Running across a highway with traffic moving at up to 70 m.p.h. would be considered suicidal by most people.
But 27-year-old Pedro Mendez does it as a matter of routine, walking from his home in Camden to his job as a janitor at a Pennsauken supermarket. He checks the westbound traffic, waits for a lull, then sprints to the concrete divider, which he straddles while waiting for a break in the eastbound traffic.
"It's not dangerous," he said. "You just have to wait until there are no cars. And then you cross."
Bus drivers keep a close eye out for them; gas station attendants watch in disbelief. But for people living in New Jersey without a car, getting around can mean racing across highways where pedestrian crossings are few and far between.
And while most of those who cross make it back safely with their groceries or paychecks, some pay with their lives for mistiming their sprints.
Of the 157 pedestrian deaths in New Jersey in 2009, roughly 60 percent came on the sort of heavily trafficked arterials that are half-freeway, half-Main Street, said Michelle Ernst, an analyst with the Tri-State Transportation Campaign, which aims to reduce dependency on cars.
"They're designed to accommodate cars at very high speed, but they're often lined with shops and restaurants and grocery stores," she said.
In Pennsauken, the Police Department is trying to reduce that number.
Officers in the township, which has sections of Routes 38 and 130, are engaged in a long-standing campaign to try to get people to use designated crosswalks and pedestrian overpasses.
Sgt. Chris Sulzbach, the head of the department's traffic safety unit, said his officers hand out about 1,000 pedestrian-related tickets a year - some to people who have been struck by cars. And the department has been lobbying lawmakers and the New Jersey Department of Transportation to install more fencing atop the barriers dividing the highways.
But state transportation officials are moving away from fencing, which they consider to be easily bypassed and ineffective in the greater objective of making roadways more pedestrian-friendly and getting people to use designated crosswalks and pedestrian walkways.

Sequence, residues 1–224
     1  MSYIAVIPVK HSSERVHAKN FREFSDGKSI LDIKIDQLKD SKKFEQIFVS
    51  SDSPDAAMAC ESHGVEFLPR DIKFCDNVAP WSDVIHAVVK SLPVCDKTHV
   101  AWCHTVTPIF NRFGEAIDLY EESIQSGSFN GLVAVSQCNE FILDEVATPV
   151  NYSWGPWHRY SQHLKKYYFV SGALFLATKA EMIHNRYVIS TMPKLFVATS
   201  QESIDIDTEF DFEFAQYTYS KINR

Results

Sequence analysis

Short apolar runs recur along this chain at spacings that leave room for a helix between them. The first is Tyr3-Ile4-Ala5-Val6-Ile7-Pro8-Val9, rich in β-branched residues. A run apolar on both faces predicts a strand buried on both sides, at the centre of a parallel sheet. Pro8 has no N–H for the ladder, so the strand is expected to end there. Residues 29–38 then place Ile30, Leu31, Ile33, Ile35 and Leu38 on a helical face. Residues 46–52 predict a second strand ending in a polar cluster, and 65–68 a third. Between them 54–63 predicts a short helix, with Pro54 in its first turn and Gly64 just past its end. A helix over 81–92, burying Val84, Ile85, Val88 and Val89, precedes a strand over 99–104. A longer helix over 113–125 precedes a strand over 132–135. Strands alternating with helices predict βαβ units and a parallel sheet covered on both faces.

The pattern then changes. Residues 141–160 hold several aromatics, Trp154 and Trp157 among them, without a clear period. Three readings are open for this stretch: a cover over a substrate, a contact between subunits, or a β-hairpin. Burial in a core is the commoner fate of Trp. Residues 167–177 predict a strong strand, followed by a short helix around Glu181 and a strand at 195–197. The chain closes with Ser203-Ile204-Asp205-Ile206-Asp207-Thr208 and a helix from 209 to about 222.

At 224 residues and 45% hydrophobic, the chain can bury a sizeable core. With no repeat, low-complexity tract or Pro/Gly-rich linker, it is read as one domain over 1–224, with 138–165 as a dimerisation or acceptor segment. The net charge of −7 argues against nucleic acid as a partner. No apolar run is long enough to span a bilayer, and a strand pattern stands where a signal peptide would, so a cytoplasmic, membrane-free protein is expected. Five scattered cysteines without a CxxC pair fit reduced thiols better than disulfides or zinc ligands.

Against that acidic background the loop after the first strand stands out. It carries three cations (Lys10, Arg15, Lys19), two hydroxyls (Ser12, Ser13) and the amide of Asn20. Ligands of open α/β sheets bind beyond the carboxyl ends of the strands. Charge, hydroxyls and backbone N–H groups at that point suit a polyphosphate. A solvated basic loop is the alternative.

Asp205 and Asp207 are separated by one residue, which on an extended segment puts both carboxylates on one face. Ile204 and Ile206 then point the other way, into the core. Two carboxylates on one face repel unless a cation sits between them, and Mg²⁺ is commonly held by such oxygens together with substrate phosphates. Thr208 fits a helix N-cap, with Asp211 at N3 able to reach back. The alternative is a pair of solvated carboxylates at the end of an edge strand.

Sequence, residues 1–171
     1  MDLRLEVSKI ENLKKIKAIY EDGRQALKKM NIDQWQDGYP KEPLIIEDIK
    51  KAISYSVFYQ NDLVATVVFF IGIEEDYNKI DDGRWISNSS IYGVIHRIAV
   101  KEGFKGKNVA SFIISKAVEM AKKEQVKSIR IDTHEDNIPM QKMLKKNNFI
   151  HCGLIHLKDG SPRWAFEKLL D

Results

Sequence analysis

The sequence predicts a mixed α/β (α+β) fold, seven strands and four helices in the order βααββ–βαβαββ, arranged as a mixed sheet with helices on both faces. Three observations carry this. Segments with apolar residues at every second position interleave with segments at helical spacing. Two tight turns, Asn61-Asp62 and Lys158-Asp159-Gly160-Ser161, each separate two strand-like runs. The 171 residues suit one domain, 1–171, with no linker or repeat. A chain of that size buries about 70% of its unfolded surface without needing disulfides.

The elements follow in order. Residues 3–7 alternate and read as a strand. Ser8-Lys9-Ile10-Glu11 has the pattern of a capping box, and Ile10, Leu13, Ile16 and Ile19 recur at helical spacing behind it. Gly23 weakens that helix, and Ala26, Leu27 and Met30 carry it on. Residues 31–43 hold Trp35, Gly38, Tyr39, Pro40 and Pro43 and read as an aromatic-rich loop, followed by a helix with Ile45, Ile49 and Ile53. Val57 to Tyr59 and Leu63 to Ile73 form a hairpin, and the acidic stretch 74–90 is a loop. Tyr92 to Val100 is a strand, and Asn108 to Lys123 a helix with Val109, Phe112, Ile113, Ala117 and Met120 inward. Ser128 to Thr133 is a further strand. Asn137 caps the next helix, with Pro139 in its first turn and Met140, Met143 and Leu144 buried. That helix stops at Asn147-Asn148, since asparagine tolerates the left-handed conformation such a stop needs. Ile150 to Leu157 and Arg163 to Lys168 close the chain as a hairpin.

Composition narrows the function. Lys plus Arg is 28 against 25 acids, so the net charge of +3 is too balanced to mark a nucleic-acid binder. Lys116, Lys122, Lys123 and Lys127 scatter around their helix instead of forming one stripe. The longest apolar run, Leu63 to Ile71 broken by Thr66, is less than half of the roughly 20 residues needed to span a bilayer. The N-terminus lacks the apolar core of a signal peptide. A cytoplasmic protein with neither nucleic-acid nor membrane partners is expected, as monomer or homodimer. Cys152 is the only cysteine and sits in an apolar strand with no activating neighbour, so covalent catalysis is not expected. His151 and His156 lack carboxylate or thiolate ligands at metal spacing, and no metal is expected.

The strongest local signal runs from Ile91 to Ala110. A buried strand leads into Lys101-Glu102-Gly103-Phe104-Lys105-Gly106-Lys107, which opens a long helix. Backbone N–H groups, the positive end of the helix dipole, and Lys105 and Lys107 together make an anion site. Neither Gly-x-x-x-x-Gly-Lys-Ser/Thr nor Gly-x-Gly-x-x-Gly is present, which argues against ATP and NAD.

"Sometimes it gets damaged. Sometimes people cut holes in it. And then there's an opening and you're right back to the same types of behavior," said Joseph Dee, a spokesman with the Transportation Department. "We do it sometimes. But we try to stress, let's improve the safe locations where people can cross."
At Labor Ready, a day labor company in Pennsauken on busy Route 130, workers start showing up at 5 a.m. to try to improve their odds for getting a job that day.
They come by bike and bus and on foot. Police on the early shift often see them running across Route 130, sometimes even lifting bicycles up and over the concrete barricade.
"I wouldn't do it, never," manager David Solomin said. "It makes you wonder. There's probably all sorts of reasons people do it, maybe dares, maybe to save time."
After 19 years on the force, Sulzbach acknowledges that no matter how many safeguards are put in place, some people will inevitably walk out onto the highways.
But the aftermaths of those crossings that don't end with the person getting to the other side stay with him.
As he cruised down Route 130 in his patrol car last week, he recounted an accident on the road late one night in the spring in which a teenage girl tried to cross against the traffic signal with her bike.
She was in the crosswalk when she was struck by a pickup truck, the driver of which didn't see her until the last moments, Sulzbach said. She died on the way to the hospital.
"It was estimated the truck was going between 40 and 50 m.p.h. He wasn't speeding," Sulzbach said. "I work a lot of accident scenes, but pedestrian crashes are the worst. It's horrific."
For pedestrian advocates like Ernst, the underlying problem is that for most of the 20th century, roads were laid out with little regard to those walking.
Crosswalks and pedestrian overpasses are sparse on roads like Route 130, a function of their expense and impediment to traffic flow.
And the businesses and services that residents frequent tend to lie along the most heavily trafficked roads.
"A lot of the people crossing mid-road are doing it because the nearest crossing is a quarter of a mile away," she said.
Standing on the side of Route 38 one morning last week, Mendez smiled when asked whether he was afraid when he crossed the road.
A native of Puebla, in central Mexico, Mendez has been living in the United States for six years, working factory and cleaning jobs to send money home to his wife and two children.
When he feels like treating himself, he gets a coffee at a Wawa on Route 38. The convenience store is on the other side of the highway from his route to work, but that's not a problem. Just a quick dash across six lanes of traffic and he's there.
"They have very good cappuccino," he said.